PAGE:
This little-known fact about the assistance Plant received when building his railroad empire is clearly reminiscent of the comments of Senator Elizabeth Warren and President Obama's famous words, a few years ago, "If you were successful, somebody along the line gave you some help....Somebody invested in roads and bridges. If you've got a business, you didn't build that. Somebody else made that happen." Therefore, even those who proclaim they are "self-made" entrepreneurs, such as Plant, rely heavily on government assistance and subsidies to be able to achieve their business successes—an important thing to remember in a climate where so much blame is placed on those who need public assistance, a major theme of OCEP's programming this year.
Kerstein noted that Tampa began to flourish after the railroad extended to New York City, and the Tampa Port took off, with phosphate for fertilizer becoming a major export, Additionally, Vicente Martinez-Ybor's decision to bring the cigar industry to Tampa had major significance in the development of the city as well. The combination of the humidity, the railroad, and the steamboat, as well as the labor unrest in Key West, where Ybor had moved his cigar business from Cuba, led Ybor to settle his business interests in Tampa. Again, Ybor was subsidized, according to Kerstein, by the Tampa Board of Trade, which helped sway him to come to Tampa.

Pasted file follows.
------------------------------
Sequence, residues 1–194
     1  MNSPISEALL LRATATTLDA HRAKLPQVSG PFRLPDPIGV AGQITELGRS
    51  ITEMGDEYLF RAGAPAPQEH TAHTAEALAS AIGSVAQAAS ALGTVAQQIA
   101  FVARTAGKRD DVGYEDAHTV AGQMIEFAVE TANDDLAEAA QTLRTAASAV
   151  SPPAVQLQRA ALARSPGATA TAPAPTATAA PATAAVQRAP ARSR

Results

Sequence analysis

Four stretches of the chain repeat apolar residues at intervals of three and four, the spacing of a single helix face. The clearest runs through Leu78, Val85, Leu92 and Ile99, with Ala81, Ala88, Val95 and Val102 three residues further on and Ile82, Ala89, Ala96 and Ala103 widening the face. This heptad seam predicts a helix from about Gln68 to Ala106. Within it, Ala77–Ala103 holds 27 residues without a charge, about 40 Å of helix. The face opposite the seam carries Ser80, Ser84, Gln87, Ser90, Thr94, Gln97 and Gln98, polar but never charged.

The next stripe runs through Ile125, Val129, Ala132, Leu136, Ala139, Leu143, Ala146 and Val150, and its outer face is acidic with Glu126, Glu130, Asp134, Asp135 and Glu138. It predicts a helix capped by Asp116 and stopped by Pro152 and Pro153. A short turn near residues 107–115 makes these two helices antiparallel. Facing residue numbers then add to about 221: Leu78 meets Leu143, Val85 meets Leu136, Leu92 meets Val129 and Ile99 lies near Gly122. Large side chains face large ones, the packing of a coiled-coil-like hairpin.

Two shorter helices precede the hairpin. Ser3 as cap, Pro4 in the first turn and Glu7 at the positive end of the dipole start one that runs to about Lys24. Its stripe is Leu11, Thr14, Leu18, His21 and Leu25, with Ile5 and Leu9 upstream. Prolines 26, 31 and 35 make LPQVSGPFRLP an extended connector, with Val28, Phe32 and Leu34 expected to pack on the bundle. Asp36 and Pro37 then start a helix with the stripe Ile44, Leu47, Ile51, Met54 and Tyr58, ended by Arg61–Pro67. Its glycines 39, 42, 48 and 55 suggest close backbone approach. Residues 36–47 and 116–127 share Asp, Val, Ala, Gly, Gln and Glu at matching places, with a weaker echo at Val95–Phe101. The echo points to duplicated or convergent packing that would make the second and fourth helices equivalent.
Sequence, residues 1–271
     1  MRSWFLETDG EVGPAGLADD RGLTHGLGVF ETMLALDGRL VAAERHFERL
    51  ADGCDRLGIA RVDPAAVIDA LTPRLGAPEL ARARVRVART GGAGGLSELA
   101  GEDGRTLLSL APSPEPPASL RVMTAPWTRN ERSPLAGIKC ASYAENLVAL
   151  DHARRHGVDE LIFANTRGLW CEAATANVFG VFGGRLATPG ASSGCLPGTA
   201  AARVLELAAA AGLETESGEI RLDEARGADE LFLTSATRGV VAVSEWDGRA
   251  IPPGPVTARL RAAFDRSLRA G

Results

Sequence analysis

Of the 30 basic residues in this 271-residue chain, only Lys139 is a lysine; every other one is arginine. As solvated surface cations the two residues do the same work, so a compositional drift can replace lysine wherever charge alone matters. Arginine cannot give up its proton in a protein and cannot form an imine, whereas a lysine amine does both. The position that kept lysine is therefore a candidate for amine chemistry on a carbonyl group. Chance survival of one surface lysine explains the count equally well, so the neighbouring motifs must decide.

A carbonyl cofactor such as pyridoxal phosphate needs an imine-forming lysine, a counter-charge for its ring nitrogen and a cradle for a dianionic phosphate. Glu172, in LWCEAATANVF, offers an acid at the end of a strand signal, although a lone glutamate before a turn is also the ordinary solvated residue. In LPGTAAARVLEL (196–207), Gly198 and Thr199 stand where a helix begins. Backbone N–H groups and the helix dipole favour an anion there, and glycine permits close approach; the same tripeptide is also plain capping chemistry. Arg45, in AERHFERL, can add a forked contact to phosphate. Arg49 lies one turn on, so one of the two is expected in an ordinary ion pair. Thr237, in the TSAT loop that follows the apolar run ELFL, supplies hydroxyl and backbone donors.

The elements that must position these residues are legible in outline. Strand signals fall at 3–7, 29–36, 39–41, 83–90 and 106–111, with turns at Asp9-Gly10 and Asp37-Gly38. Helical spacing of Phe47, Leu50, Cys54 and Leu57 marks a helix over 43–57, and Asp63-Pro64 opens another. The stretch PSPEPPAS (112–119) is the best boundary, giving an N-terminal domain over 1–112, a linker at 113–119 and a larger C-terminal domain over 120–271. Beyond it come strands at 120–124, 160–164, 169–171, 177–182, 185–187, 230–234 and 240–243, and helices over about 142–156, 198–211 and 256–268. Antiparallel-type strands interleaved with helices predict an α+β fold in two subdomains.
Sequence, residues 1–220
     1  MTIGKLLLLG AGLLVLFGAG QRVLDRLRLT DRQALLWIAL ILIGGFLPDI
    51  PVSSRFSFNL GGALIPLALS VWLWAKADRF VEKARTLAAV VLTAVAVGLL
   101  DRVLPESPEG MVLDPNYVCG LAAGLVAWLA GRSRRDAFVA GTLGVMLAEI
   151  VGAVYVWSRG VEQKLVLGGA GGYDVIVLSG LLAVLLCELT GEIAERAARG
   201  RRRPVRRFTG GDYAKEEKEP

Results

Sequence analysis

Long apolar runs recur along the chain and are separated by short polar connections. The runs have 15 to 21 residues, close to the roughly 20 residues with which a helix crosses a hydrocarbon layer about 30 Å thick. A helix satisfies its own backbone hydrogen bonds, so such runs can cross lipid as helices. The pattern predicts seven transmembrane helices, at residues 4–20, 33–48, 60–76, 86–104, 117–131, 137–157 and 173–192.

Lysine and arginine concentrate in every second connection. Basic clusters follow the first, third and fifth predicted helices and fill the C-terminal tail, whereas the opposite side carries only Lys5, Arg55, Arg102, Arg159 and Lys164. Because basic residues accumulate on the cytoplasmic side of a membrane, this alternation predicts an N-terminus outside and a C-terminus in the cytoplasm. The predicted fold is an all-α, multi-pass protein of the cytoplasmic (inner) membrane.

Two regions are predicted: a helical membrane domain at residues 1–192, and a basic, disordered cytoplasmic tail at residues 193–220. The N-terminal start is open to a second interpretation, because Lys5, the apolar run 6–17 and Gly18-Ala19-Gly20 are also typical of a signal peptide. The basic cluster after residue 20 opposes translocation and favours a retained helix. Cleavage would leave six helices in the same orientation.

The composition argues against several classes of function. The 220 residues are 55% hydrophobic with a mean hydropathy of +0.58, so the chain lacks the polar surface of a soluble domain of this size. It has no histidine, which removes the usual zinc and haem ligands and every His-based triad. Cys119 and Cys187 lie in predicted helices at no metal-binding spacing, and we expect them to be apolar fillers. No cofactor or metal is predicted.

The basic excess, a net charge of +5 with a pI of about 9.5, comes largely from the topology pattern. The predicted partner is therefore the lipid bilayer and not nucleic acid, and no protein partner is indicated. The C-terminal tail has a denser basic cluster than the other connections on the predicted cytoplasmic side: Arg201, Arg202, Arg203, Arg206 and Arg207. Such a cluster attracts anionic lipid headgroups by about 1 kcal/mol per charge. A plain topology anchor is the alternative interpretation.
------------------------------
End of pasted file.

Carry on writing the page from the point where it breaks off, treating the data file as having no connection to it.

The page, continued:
In the early twentieth century, Tampa's population exploded, particularly as a result of the development of the cigar industry and of the port and harbor area. In order to create a distinctive event to celebrate Tampa's growth, the city's "movers and shakers," as Kerstein called them, came together to create the Ye Mystic Krewe of Gasparilla for a storming of the "pirates"—Tampa's version of New Orleans Mardi Gras. This exclusive event, as Kerstein said, "symbolized the elite in Tampa."
Kerstein said that some suggest that Southern cities exhibited a "traditionalist culture" where governance by members of the social class that comprised Gasparilla would be accepted as legitimate by the population of the city. "This picture, however, does not fit Tampa."
In fact, Kerstein stated that a Socialist candidate garnered almost 30% of the votes in the 1912 Mayoral election, and he emphasized that Tampa was, in fact, a "strong labor town." More than 5,000 workers marched in the Labor Day parade in 1907. "It was not just a question of pay, the people wanted more control of the workplace," He said. The elites even went so far as to engage in illegal vigilante actions, such as kidnappings of union leaders, to "quell unrest." He said, "It was not just a nice cordial mix."